The state attorney general's office is investigating Economic Development Director Dave Adams for possible ethics violations, officials said Friday.
The investigation was started only hours after the state's legislative auditor general released a report questioning Adams' role in two private, non-profit groups established to attract major sporting events to Utah.Meanwhile, officials in Gov. Norm Bangerter's office said Friday the investigation will not be a factor when the governor decides whether Adams will keep his job during the next four years.
Adams was in the Far East on state business and was not available for comment.
Bangerter, re-elected to a second term last month, has asked for the resignation of all appointed employees and is deciding which to keep. Economic development is seen as a critical department because the administration has targeted job growth as a major priority.
"There is nothing in this report that would endanger Dave Adams' job," Bud Scruggs, Bangerter's chief of staff, said after reading the audit. He said the audit contains no evidence of corruption or malicious wrongdoing.
In addition to Adams, the attorney general's office also will investigate Dave Johnson, director of Better Utah Inc. and the Utah Sports Foundation, the two private groups in the audit.
The audit said Adams may have violated the state's Employee Ethics Act by being a member of the board of directors of the Sports Foundation and being an officer in Better Utah Inc. while serving as director of the state department that dealt directly with those groups.
Better Utah was established in 1984 and was used to raise funds for the state's unsuccessful bid for the 1992 Winter Olympics. The Sports Foundation received a contract from the state earlier this year after state officials decided to turn their sports promotion efforts over to private business.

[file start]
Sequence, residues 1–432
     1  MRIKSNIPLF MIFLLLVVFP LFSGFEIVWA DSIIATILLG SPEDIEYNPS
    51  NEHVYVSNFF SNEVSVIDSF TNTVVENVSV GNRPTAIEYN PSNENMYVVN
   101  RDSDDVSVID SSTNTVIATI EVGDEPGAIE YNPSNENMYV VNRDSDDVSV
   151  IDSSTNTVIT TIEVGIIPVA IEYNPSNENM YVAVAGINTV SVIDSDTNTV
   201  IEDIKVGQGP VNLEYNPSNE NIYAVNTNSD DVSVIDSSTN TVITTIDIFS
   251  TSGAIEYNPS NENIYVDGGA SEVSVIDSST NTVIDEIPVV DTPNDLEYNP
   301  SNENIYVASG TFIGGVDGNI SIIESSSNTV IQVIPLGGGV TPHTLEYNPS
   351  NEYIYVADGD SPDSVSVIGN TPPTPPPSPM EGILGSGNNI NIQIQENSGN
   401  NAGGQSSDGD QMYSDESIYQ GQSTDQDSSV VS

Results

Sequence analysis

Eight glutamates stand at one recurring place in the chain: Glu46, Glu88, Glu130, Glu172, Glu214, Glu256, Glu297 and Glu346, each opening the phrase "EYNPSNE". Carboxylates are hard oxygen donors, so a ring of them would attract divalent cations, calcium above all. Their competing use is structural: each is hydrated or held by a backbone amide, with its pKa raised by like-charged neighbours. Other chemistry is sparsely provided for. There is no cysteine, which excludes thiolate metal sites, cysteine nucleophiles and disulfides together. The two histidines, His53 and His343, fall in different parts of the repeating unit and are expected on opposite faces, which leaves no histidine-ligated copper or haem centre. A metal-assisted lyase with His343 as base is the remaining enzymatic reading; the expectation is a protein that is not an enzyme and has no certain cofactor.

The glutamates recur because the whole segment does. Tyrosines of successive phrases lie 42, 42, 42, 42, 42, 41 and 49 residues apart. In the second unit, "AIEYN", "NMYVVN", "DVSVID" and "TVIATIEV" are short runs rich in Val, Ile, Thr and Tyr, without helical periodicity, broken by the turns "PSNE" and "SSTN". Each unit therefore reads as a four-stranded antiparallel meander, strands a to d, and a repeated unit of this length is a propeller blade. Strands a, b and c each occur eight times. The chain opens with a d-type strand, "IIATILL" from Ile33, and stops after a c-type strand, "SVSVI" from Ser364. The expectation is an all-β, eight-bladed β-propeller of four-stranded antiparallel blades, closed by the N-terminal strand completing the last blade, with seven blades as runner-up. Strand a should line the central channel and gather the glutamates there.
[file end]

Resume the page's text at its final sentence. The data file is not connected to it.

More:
The foundation still receives $247,000 yearly from the state but has a goal of becoming self-sufficient.
The audit revealed evidence of double-billings done by Better Utah, which also received money from Salt Lake City. A recent Salt Lake audit revealed similar evidence.
However, no evidence was found that Adams, Johnson or any other employees were stealing money. Money obtained through double-billings, more than $20,000, was apparently used to build the financial base of the groups.
Adams was an officer with Better Utah when the Sports Foundation was given the state contract earlier this year. Better Utah committed $30,000 to support the foundation's bid, and state employees helped the foundation type its bid.
The Sports Foundation was the only company to submit a bid, and the contract that was subsequently signed stipulated that Johnson was to become an employee of the organization. He became the director of both private groups.
The audit said some obvious organizations were left off the list of potential bidders.
"Some DCED (Department of Community and Economic Development) employees engaged in several conflicts of interest," the audit said. "In our opinion, these conflicts gave an unfair advantage to the USF (Utah Sports Foundation) in winning the bid."
Scruggs said the idea of the state turning its functions over to private business is relatively new and state employees are unfamiliar with proper procedures.
"They need to realize that part of the choice to privatize is the understanding you have to let go," Scruggs said, adding that Adams will relinquish his ties with the two groups.
He said the state will look closely at the outside interests of other employees in the economic development department.
"We need to go through and have every member tell us what private boards they belong to," Scruggs said. "They will have to chose to either step down or lose their state jobs."
Dave Grant, deputy director of the Department of Community and Economic Development, said the state will follow the recommendations in the audit and will remove all conflicts of interest. He agreed the bidding process should have involved more organizations.